My observing report

As I drove up the winding road to Mount Tamalpais, I idly mused upon the subtle meaning of Norse mythology as I contemplated the night's aurora display. When I arrived at the parking lot, it was filled with friends eager for a night's observing. I counted at least 50 telescopes set up.

I started my night's observing with one of my favorite objects, M 96 in Corvus. It gave the appearance of desert sand. After I'd spent a few minutes looking at that, I checked out B 323 in a group of stars that looked like an armadillo. It seemed fainter than one of Martha Stewart's doilies. With that checked off my list, I looked at IC 1204 in Serpens. It looked exactly like a spitting cobra. Next, attacking my personal nemesis, I logged Abell 9. It looked a bit like diamonds on light grey velvet. Then, for a real challenge, I had a chance to see M 47 in Lynx. It gave the appearance of ripples of water. Then, I sought Abell 56 in that confusing part of Virgo. It would be easy to confuse with whispy tendrils of nebulosity. After that, I found NGC 5690. It seemed fainter than cream being swirled into hot coffee.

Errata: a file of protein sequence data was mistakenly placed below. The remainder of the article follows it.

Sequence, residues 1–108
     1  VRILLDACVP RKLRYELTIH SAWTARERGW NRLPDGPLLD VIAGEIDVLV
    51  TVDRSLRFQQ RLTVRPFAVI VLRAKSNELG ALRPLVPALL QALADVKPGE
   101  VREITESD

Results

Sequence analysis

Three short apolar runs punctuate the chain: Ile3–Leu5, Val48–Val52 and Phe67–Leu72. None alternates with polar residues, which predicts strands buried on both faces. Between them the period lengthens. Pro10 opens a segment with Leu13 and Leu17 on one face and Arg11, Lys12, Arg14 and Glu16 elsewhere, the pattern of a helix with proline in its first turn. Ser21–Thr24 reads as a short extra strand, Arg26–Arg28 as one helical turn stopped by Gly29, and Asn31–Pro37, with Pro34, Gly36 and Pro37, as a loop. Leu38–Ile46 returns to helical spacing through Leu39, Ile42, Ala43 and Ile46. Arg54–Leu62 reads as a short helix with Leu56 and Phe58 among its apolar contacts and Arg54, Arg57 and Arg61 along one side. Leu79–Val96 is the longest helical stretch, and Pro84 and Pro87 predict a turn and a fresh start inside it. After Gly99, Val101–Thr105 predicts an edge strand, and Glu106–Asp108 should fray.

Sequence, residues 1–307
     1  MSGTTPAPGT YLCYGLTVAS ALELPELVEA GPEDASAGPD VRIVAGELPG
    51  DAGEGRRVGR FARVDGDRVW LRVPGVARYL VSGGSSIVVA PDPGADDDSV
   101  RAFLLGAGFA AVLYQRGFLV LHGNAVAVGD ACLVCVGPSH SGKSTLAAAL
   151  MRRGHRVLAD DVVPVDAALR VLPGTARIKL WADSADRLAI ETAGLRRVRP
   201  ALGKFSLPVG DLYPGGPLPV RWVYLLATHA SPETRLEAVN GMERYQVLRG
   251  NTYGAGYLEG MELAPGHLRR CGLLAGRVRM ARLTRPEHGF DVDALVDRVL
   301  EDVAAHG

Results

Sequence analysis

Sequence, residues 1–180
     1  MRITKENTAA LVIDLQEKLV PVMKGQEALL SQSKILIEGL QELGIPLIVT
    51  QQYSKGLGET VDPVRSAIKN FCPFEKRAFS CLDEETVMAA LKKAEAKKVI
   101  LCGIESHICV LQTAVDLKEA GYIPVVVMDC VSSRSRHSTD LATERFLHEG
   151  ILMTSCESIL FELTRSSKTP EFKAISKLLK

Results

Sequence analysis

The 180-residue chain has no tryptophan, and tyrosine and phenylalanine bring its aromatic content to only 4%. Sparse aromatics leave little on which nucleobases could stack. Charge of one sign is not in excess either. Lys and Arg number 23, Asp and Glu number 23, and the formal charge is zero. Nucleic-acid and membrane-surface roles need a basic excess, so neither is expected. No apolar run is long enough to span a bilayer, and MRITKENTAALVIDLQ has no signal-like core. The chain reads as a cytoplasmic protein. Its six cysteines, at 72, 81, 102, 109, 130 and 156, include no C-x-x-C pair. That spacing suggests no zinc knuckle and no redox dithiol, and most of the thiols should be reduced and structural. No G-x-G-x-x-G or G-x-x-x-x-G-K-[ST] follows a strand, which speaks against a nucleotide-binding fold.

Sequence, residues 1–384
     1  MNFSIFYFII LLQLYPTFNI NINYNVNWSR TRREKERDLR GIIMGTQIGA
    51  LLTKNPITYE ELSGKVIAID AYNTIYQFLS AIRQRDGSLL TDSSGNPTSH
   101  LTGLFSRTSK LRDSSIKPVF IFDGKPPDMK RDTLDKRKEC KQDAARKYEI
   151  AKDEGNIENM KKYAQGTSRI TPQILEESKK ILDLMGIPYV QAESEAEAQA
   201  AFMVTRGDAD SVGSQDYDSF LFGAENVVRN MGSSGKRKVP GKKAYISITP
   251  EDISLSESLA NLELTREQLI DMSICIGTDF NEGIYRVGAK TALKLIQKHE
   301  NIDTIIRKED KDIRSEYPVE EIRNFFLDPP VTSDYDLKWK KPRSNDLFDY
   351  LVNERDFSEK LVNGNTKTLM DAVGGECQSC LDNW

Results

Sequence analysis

Finally, it was time to pack up and leave. As I drove home, I contemplated the events of the night, and realized that any night out under the sky with good friends is better than stale peeps.

    ...Akkana (with help from David North, Jane Houston Jones, and Bill Arnett) .

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